Henry was politically active when his wife’s condition worsened. He had a secret staircase built in the back of the house to visit her when he came home. He tried to keep her illness a secret, but word got out, and other servants and slaves refused to go near the house. There’s very little written about the situation because they were keeping her a secret.
In the spring of 1774, Sarah died in the basement. A month later, Henry was still grieving when he gave his famous speech. He spent more time away and eventually sold it so he could move on from watching his beloved succumb to her illness.
Paranormal Happenings at Scotchtown
Scotchtown Plantation was Henry’s home with his wife until he and his second wife moved out in 1777 to the Governor’s Mansion in Williamsburg. It changed hands a few times until 1958 when Preservation Virginia purchased it to restore and open as a museum. It’s believed that Sarah is haunting the grounds and Plantation house.
Things move around on their own, especially in the basement where she lived. Before Preservation Virginia bought the property, the place had been abandoned and left to deteriorate for years. Neighbors would see the flicking on candlelight in the place’s windows and would even see the candlelights moving from room to room.
A group of both children and adults saw a female ghost in a long dress walking from the basement to a building outside used to house servants. Patrick Henry’s great-great-great-granddaughter felt the place was haunted and refused to stay the night there.
A woman named Mary Adams grew up in the house in the 1930s-1940. She had heard noises and other sounds when she stayed there, including the rattling of chains from the basement. She also saw the female ghost with a group of her friends while in the basement.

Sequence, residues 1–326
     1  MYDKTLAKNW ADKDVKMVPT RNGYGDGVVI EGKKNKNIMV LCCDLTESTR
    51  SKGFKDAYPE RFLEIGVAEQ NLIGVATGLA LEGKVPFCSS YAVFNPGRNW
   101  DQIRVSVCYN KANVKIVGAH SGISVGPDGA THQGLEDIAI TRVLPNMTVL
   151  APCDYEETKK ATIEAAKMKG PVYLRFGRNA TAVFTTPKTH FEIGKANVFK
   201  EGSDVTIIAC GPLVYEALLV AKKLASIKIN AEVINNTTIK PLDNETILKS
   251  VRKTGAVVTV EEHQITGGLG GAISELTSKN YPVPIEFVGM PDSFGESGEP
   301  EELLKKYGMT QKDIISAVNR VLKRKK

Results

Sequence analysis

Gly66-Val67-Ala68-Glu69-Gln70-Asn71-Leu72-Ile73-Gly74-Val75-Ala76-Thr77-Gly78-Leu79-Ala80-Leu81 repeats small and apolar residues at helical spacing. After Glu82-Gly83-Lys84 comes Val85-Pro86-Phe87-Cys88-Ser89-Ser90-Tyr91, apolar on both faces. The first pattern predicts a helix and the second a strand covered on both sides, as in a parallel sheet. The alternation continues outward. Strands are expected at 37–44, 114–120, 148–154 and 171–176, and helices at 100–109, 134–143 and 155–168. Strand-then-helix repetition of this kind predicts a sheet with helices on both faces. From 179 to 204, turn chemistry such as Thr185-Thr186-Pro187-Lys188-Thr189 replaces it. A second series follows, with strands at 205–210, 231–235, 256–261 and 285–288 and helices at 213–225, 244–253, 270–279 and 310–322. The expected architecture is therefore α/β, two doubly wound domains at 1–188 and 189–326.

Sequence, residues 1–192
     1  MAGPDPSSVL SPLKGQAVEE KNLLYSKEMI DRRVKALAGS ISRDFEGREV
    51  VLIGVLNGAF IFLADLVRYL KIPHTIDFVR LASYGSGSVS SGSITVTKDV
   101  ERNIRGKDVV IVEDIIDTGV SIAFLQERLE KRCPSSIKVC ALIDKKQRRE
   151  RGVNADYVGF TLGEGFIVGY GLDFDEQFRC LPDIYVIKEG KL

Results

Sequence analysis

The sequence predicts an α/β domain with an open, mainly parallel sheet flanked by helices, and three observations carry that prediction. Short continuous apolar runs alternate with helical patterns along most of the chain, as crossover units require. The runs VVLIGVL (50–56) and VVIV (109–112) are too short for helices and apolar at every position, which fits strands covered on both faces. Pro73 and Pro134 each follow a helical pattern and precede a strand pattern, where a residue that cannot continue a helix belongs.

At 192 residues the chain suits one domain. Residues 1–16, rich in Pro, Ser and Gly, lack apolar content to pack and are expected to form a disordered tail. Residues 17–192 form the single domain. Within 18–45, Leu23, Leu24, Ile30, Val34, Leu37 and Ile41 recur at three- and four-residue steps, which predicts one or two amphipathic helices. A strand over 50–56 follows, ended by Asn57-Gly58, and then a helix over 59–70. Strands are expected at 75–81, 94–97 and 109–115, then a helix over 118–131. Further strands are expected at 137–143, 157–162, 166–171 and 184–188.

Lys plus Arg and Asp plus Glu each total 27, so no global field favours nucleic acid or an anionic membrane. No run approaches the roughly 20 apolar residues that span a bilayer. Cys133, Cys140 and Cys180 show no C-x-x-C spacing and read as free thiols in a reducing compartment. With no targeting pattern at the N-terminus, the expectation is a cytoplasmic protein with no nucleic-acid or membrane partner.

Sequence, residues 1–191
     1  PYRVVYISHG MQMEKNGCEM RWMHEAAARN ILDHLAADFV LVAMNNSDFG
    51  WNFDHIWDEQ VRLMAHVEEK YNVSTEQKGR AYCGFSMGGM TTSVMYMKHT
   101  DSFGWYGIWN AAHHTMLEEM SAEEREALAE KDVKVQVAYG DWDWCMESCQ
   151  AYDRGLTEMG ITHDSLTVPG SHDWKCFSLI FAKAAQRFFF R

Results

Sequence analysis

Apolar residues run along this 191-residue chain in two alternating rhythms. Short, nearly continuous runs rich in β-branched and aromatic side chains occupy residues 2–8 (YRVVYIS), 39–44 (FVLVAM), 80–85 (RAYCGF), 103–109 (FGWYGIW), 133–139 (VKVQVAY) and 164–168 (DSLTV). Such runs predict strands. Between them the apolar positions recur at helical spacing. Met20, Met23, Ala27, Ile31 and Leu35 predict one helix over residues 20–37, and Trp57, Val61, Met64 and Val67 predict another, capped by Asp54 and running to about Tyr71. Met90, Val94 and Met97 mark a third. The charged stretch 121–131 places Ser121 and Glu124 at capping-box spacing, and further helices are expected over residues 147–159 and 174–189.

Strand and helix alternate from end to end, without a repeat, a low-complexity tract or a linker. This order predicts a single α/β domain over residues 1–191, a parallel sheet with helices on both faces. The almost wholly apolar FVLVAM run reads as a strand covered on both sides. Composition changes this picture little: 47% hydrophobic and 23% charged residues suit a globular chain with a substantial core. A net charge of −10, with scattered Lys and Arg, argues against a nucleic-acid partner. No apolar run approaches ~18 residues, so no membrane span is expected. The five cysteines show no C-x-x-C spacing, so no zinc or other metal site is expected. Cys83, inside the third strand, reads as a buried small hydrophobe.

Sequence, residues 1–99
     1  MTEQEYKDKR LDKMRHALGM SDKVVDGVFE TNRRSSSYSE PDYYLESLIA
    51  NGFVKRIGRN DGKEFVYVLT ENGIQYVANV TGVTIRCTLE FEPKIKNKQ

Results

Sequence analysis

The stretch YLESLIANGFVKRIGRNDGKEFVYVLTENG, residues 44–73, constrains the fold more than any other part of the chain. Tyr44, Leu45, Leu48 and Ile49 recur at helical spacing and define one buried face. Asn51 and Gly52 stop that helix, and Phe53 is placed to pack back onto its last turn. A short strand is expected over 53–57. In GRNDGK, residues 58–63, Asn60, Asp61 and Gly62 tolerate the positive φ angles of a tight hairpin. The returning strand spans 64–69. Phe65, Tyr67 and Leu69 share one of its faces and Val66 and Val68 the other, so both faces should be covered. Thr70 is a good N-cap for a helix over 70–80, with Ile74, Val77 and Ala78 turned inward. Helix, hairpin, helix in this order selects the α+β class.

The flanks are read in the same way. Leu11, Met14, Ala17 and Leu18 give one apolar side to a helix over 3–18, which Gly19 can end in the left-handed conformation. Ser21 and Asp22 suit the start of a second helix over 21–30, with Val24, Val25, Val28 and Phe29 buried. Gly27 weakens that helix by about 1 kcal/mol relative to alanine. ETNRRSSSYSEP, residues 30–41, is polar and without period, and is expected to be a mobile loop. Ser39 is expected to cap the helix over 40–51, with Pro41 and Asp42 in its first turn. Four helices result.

In the basement, the paint will not stick to the walls. Multiple professional painting crews have tried to paint the basement, but the paint literally “burns” off the walls. Furniture and decor are known to move around overnight. Strange swarms of wasps and flies attach themselves to one specific window in the attic.
Police have responded to multiple reports of motion detectors going off in the night with no intruders present. One officer reported that a woman claimed to see a transparent female in the window. A candle holder from Henry’s time will move from place to place.
The worst experience for a tour guide and their group was when an ear-piercing shriek came from the basement they were standing above! The whole group ran out of the house in terror.
Mental Illness Then and Now
Though Sarah’s treatment was cruel and indefensible, she was treated better than most with mental illnesses. Since her husband had money, he could keep her at home and out of the genuinely awful asylum. However, the reason for keeping her a secret was because of the beliefs of the time.
At this time, mental illness was thought to be a condition of possession by a demonic force or even the Devil himself. The cruel treatments were to chase away the body’s demons in a kind of religious flagellation (holy pain).
Sarah was kept in the basement secret because Henry’s political career would have taken a suicidal nosedive among his constituents and peers. He could not protect his wife completely, though, because when word got out about her condition, the slaves, servants, and workers would refuse to come near the house. They were worried about her being the Devil in disguise.
Sarah died in February 1775 and was buried in an unmarked grave on the property. This was customary practice for those who were considered sick with such demonic forces or evil spirits. It’s thought that she may lie just thirty feet from the door to the basement, but it’s unknown.
It would make sense for Sarah to be trapped on the property–her life was short and painful due to a condition where there was no remedy. Though her death is tragic, she can still teach us an important lesson: mental illness is a sickness, and those affected are just people who need help.